New Testament scholar Stephen F. Fowl, in his insightful commentary on Philippians, points out that Paul’s brief teaching about not being anxious probably comes from Jesus’ own teachings in Matthew 6:25-34 and Luke 12:22.  Jesus is primarily concerned with the disciples’ concerns over material goods.  He wants them to hear: “Live without anxiety because God cares for you.”  In Philippians 4, Paul’s call to be free from anxiety seems more directed toward anxiety resulting from living in a world hostile to Christianity.  The peace of God that comes through prayer counters anxiety because it “guards believers’ thoughts and hearts in Christ.”  The notion of guarding would have resonated with the Philippians.  There was a Roman garrison there.  Their job was to guard the citizens of Philippi and the interests of the Roman Empire.  But their brand of peace, the Pax Romana, can never be a true peace because it is not founded in the God of peace.

Says Fowl, “The peace of God surpasses the unbelieving mind, which is full of anxiety because it cannot think higher than itself.”  He goes on to quote Thomas Aquinas’ comment on the peace of God.  “As the peace of God exists in heaven, it surpasses all the knowledge of the angels.  As it exists on earth it surpasses all the knowledge of those who lack grace.”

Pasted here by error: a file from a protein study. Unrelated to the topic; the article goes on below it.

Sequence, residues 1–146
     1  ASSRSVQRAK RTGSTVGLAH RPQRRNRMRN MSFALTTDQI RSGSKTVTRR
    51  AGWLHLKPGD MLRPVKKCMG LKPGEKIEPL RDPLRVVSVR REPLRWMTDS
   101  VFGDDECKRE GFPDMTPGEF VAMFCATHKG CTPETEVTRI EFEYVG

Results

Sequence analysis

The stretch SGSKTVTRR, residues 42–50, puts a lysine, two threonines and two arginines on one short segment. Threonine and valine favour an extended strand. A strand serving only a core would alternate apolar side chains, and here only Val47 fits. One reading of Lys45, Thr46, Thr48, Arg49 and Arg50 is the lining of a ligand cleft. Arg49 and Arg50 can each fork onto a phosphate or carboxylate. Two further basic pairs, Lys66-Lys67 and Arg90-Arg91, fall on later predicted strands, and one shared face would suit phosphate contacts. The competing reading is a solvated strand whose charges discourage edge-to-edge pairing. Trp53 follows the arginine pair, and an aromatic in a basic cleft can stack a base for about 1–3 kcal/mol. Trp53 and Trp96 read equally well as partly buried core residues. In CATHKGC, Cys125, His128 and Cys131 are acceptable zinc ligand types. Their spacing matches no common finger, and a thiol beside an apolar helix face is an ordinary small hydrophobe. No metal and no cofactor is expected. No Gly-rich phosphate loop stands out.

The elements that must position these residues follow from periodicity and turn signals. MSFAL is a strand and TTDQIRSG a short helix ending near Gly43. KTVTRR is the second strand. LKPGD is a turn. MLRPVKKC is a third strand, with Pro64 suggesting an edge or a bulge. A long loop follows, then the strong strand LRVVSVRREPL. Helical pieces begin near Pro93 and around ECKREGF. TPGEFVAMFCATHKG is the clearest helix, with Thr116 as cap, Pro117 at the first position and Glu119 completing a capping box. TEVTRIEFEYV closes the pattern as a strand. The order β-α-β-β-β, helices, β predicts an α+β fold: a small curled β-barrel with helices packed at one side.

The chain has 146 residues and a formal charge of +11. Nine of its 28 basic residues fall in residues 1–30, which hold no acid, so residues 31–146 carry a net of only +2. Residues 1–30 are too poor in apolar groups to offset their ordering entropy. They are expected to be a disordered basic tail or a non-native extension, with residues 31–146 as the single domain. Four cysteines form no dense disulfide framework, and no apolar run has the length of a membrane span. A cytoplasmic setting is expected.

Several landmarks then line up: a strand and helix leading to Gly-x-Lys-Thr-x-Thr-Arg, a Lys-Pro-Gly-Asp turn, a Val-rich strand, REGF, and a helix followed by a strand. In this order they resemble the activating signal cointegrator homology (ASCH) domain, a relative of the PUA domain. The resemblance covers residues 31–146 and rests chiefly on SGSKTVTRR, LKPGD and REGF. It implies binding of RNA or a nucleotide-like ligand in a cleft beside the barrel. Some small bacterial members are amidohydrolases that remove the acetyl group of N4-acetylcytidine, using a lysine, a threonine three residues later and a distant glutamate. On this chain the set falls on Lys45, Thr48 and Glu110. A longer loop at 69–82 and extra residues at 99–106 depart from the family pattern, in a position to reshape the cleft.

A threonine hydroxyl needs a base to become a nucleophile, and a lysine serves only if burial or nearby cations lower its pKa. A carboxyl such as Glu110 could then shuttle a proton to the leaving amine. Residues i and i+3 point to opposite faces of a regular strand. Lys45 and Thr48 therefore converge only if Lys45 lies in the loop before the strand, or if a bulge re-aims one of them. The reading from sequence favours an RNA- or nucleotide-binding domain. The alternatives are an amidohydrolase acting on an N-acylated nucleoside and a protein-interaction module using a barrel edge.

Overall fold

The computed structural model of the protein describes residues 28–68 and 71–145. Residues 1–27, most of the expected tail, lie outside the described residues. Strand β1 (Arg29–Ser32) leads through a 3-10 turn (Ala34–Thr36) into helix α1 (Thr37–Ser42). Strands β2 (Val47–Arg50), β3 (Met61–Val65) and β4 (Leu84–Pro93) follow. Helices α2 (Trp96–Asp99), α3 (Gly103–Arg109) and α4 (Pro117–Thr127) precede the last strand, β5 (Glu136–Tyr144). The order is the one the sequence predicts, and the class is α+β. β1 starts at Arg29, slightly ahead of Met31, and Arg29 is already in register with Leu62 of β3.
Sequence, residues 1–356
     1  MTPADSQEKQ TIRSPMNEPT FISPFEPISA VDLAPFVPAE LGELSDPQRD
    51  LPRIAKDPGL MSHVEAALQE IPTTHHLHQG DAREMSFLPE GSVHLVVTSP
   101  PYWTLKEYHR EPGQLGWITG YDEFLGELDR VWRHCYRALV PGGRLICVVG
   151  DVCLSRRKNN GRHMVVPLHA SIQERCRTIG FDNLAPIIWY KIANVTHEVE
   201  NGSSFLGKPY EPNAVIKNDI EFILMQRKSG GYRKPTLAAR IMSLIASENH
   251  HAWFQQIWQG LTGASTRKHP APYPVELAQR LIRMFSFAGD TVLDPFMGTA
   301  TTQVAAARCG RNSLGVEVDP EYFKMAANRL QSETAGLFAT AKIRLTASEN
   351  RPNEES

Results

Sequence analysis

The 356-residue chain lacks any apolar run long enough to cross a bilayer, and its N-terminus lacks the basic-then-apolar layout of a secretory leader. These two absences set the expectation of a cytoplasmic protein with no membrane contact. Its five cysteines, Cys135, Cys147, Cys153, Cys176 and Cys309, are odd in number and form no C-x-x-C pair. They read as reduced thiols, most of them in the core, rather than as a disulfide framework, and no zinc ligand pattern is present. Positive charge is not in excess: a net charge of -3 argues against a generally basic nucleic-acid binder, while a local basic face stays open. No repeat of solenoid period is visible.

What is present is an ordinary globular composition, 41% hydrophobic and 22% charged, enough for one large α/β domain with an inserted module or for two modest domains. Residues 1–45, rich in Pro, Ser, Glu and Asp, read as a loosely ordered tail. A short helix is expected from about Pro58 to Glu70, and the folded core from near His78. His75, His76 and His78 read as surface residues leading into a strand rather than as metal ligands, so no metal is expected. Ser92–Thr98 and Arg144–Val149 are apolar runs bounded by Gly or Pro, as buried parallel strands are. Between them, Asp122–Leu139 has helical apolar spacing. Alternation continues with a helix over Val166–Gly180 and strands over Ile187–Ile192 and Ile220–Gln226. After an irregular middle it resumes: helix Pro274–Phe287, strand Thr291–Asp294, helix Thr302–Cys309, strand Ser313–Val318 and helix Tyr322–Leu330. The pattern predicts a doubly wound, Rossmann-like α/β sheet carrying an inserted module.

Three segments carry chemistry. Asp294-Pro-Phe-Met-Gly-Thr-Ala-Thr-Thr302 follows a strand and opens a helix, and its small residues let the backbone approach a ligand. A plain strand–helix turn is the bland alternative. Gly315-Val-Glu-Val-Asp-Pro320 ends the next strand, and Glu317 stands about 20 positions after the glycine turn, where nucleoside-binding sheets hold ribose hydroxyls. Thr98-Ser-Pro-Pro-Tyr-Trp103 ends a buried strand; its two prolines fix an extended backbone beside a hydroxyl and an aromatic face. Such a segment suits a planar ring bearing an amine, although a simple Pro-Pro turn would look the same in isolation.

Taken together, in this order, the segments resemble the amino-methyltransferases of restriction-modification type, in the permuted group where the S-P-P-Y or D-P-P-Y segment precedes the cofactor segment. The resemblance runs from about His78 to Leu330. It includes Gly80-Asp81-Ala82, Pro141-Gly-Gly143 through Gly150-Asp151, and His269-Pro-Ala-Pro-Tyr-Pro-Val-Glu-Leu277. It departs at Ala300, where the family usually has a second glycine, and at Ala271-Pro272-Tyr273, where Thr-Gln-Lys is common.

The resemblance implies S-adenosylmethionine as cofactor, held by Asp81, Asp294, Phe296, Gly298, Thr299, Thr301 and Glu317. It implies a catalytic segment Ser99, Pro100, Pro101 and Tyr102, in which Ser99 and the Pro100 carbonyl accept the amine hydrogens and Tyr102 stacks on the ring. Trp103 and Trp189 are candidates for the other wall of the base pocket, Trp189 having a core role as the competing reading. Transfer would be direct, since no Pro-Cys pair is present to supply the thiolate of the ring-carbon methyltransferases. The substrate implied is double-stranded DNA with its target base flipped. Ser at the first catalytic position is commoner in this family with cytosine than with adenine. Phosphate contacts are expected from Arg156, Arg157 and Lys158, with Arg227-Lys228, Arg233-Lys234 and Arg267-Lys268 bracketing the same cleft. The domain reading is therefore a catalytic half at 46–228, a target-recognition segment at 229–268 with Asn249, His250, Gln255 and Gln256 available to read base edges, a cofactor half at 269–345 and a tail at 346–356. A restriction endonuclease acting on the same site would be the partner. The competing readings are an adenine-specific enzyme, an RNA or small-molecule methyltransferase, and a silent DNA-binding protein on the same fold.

According to Paul, freedom from anxiety comes only through prayerful, grateful acknowledgement of one’s dependence on God.  The Philippians can be free from anxiety because the Lord is near.  They can call on God in prayer and with thanksgiving.  This is the peace of God Paul proposes as an alternative to anxiety.  The Philippians are not called to imitate the peace of Christ, but to accept the gift of that peace being offered to them by the Grace of God, accessed through the habit of prayer.

Paul does not deny that sometimes the worst things will happen finally to all of us, as indeed he must have had a strong suspicion they were soon to happen to him.  He does not try to minimize them.  He does not try to explain them away as God’s will or God’s judgment or God’s method of testing our spiritual fiber.  He simply tells the Philippians that in spite of them—even in the thick of them—they are to keep in constant touch with the One who unimaginably transcends the worst things as he also unimaginably transcends the best. 

“In everything,” Paul says, they are to keep on praying.  Come Hell or high water, they are to keep on asking, keep on thanking, above all keep on making themselves known.  God does not promise them that as a result they will be delivered from the worst things any more than Jesus himself was delivered from them.  What God promises them instead is that “the peace of God, which passes all understanding, will keep your hearts and your minds in Christ Jesus.”